Thursday, 23 February 2012

Hollywood Babble On & On #855: All About The Residuals

Today, I'm going to take a moment to talk about a part of the business we call show that is extremely important if you are working in it.

I'm talking about residuals.

"What are residuals?" you ask, furrowing your brow in a feeble attempt to understand.  Well the answer is simple.

These are residuals.
Yep, residuals are money.

However, it is not a share of the box office gross. Let's get that misconception out of the way right up front.  That sort of thing has to be negotiated by your agent.
Residuals are fees paid to the people involved in the making of a film or TV show when said film or TV show is sold to a secondary market.  These residuals are negotiated by the various unions, SAG, WGA, DGA etc., and they also manage their collection and disbursement.

Screenings on airplanes are not included for some reason, having been defined as part of the movie/TV show's original release.  That little tid-bit says a lot because everything involved in residuals depends on how the terms are defined. 

Things differ slightly between movies and television residuals, so I'll try to explain them to the best of my ability.
MOVIE RESIDUALS: Come from sales of films to television, and home video markets. These include pay cable, basic cable, and broadcast television, as well as DVD and online sales and rentals.  

Now you'd think that it's a license to print money.

Well, yes and no, and it all hinges on how the terms of the residuals contract are defined and how the rights to the movies in questions are sold.

Take writers for example. The contract between the WGA says that the credited writer(s) of a feature film deserve somewhere around 1.2% of the film's gross receipts from TV/home video sales and rentals.  Sounds good right, especially when sales and rentals can add up to the tens of millions of dollars.

Not really.

You see the studios define the film's gross receipts that actually pay residuals as the Producer's Gross Receipts from these sales. The Producer's Gross Receipts are 20% of the total of those sales.

So when you buy a DVD, the store gets a cut of the sales price, the studio gets the rest. The studio then pockets 80% of that sales price, and toss 20% to the producers to dole out to everyone else.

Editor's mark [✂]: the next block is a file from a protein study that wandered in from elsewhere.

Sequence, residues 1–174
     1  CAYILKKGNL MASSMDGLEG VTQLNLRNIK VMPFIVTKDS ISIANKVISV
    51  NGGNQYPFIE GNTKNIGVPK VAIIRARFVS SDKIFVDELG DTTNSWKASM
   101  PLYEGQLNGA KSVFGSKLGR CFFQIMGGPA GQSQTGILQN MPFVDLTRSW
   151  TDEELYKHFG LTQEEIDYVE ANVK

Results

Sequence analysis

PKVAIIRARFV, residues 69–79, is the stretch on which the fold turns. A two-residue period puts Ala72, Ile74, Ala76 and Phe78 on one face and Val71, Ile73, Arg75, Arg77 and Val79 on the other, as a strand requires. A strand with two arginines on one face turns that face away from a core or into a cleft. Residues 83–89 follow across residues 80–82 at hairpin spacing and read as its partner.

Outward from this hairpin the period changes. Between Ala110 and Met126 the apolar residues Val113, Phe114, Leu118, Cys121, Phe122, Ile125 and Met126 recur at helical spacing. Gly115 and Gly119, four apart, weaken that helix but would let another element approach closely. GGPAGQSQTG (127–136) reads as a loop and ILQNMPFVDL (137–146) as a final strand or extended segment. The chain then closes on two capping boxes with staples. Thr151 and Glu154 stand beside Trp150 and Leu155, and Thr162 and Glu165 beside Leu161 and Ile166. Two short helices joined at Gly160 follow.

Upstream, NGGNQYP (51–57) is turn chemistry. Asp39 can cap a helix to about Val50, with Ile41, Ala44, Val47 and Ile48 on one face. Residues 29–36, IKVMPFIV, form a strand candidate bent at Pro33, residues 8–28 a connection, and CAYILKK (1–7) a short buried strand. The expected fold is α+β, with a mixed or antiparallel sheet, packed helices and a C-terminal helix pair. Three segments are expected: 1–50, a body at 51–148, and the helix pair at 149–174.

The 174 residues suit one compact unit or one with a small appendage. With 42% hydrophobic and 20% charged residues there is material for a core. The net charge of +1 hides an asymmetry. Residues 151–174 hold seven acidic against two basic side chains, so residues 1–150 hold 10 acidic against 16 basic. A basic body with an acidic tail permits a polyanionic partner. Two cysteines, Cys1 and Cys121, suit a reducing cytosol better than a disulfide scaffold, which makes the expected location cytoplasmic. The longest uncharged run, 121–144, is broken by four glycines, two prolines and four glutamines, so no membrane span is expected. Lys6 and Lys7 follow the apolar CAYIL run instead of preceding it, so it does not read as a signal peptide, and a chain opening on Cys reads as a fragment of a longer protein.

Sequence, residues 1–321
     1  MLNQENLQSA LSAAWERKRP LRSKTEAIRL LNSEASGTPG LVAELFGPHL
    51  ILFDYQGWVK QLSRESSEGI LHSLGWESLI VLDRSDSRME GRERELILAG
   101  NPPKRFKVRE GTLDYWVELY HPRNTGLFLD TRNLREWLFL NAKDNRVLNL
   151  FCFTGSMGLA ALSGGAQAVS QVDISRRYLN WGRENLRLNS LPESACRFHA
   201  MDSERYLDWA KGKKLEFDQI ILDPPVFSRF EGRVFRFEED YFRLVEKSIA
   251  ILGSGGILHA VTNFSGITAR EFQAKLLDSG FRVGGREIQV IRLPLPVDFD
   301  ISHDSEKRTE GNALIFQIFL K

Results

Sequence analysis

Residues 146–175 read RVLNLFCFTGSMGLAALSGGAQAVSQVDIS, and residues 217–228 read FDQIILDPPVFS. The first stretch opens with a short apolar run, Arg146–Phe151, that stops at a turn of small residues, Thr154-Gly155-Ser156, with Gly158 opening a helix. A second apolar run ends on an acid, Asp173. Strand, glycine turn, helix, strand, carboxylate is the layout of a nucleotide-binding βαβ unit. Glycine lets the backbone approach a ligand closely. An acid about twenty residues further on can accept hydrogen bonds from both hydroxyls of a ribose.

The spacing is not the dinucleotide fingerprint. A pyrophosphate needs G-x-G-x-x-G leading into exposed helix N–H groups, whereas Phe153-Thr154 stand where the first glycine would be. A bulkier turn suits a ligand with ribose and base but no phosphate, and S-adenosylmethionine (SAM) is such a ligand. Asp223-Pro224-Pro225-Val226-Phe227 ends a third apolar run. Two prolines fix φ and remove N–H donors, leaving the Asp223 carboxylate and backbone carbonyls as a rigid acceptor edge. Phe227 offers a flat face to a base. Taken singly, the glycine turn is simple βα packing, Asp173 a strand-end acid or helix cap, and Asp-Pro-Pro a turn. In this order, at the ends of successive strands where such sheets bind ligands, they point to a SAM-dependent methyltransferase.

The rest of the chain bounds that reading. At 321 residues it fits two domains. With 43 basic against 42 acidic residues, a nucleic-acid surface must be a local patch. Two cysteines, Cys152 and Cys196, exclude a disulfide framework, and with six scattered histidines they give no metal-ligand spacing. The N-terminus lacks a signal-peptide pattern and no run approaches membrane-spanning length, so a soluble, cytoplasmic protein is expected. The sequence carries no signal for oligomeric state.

That means that our example, the ink-stained wretch who wrote the damn thing, only gets about 1.2% of the 20% the studios decided to let them have.

Then there's how the movie studios sell their films, especially to cable outlets.  Basically, they put a whole bunch of movies, both blockbusters and turkeys, into a big fat package, and sells the whole damn thing to a broadcaster for one fee. Thus the big hit, which should be worth more, gets the same amount in residuals that the bomb that no one wants to see.  So, unless there's some sort of bidding war for a specific film we're basically talking the scraps of scraps.

It is different for writers when it comes to internet sales and rentals.  Thanks to a contract negotiated by the WGA when the internet was still rather nascent, that 1.2% residual paid to the writer comes from the full 100% of the share collected by the studio.

So download like a bastard, because it will make the writers happy.
TV RESIDUALS: Follow a slightly different structure.  They are primarily built around reruns, but the most important things are how the show is rerun, and where.

If the network reruns an episode of a TV series, like they used to do every summer, they paid full fees to the people who made it and starred in it.  Pretty sweet money.

However, nowadays the networks try to avoid doing these "full reruns" and try to play games with what constitutes a rerun and such.

Then there are the reruns in both syndication and cable.  If you are the studio/producer who owns the show, you're golden, it's all gravy.  If you're a writer and actor, it can become problematic, especially if you have a deal where a cable channel buys all the reruns to your show.

Ever notice that when a basic cable channel airs reruns of a series, they play living shit out of it.

There's two reasons for that. 

1. It fills up air time without buying or producing original content. 

2. The more a certain show is aired, the smaller the residuals paid to contributors become.

So it's very possible to be a writer, director, or star of a successful and long running series get a residual check for 5¢ for all their work while the network and the cable channel, who are often part of the same conglomerate, continue to make millions.

And let's not forget that residuals count as income, so you have to pay taxes on them too.

However, all is not bleak.

If you have a prolific career, with a wide range of material, it can all add up, and can make the difference between making a living, and destitution.

Now this all a very glib and superficial explanation of an extremely, and needlessly, complex issue.  If you want to learn the specifics, please check with the various creative unions, like SAG, WGA, and DGA, who make available a lot of information on the issue on their websites.

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